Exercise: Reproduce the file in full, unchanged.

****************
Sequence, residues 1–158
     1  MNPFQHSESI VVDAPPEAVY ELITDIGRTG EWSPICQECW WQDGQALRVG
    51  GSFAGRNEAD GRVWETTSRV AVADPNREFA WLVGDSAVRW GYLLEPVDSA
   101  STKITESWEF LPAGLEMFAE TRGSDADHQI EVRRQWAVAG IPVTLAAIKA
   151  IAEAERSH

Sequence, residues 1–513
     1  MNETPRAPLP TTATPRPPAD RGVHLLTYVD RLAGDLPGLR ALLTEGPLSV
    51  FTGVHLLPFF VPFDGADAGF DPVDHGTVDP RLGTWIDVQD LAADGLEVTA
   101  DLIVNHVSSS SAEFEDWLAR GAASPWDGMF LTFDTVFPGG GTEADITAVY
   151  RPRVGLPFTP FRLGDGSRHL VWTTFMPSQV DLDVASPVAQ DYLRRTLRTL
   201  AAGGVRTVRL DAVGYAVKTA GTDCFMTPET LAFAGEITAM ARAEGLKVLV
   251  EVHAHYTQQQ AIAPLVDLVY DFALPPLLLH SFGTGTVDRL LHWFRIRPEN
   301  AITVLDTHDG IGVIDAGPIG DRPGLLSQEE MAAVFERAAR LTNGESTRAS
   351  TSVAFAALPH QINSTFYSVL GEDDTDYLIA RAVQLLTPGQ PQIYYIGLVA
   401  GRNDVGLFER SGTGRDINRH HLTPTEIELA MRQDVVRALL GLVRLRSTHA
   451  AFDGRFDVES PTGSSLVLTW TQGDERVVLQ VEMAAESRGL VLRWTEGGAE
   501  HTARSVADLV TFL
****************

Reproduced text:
Sequence, residues 1–158
     1  MNPFQHSESI VVDAPPEAVY ELITDIGRTG EWSPICQECW WQDGQALRVG
    51  GSFAGRNEAD GRVWETTSRV AVADPNREFA WLVGDSAVRW GYLLEPVDSA
   101  STKITESWEF LPAGLEMFAE TRGSDADHQI EVRRQWAVAG IPVTLAAIKA
   151  IAEAERSH

Sequence, residues 1–513
     1  MNETPRAPLP TTATPRPPAD RGVHLLTYVD RLAGDLPGLR ALLTEGPLSV
    51  FTGVHLLPFF VPFDGADAGF DPVDHGTVDP RLGTWIDVQD LAADGLEVTA
   101  DLIVNHVSSS SAEFEDWLAR GAASPWDGMF LTFDTVFPGG GTEADITAVY
   151  RPRVGLPFTP FRLGDGSRHL VWTTFMPSQV DLDVASPVAQ DYLRRTLRTL
   201  AAGGVRTVRL DAVGYAVKTA GTDCFMTPET LAFAGEITAM ARAEGLKVLV
   251  EVHAHYTQQQ AIAPLVDLVY DFALPPLLLH SFGTGTVDRL LHWFRIRPEN
   301  AITVLDTHDG IGVIDAGPIG DRPGLLSQEE MAAVFERAAR LTNGESTRAS
   351  TSVAFAALPH QINSTFYSVL GEDDTDYLIA RAVQLLTPGQ PQIYYIGLVA
   401  GRNDVGLFER SGTGRDINRH HLTPTEIELA MRQDVVRALL GLVRLRSTHA
   451  AFDGRFDVES PTGSSLVLTW TQGDERVVLQ VEMAAESRGL VLRWTEGGAE
   501  HTARSVADLV TFL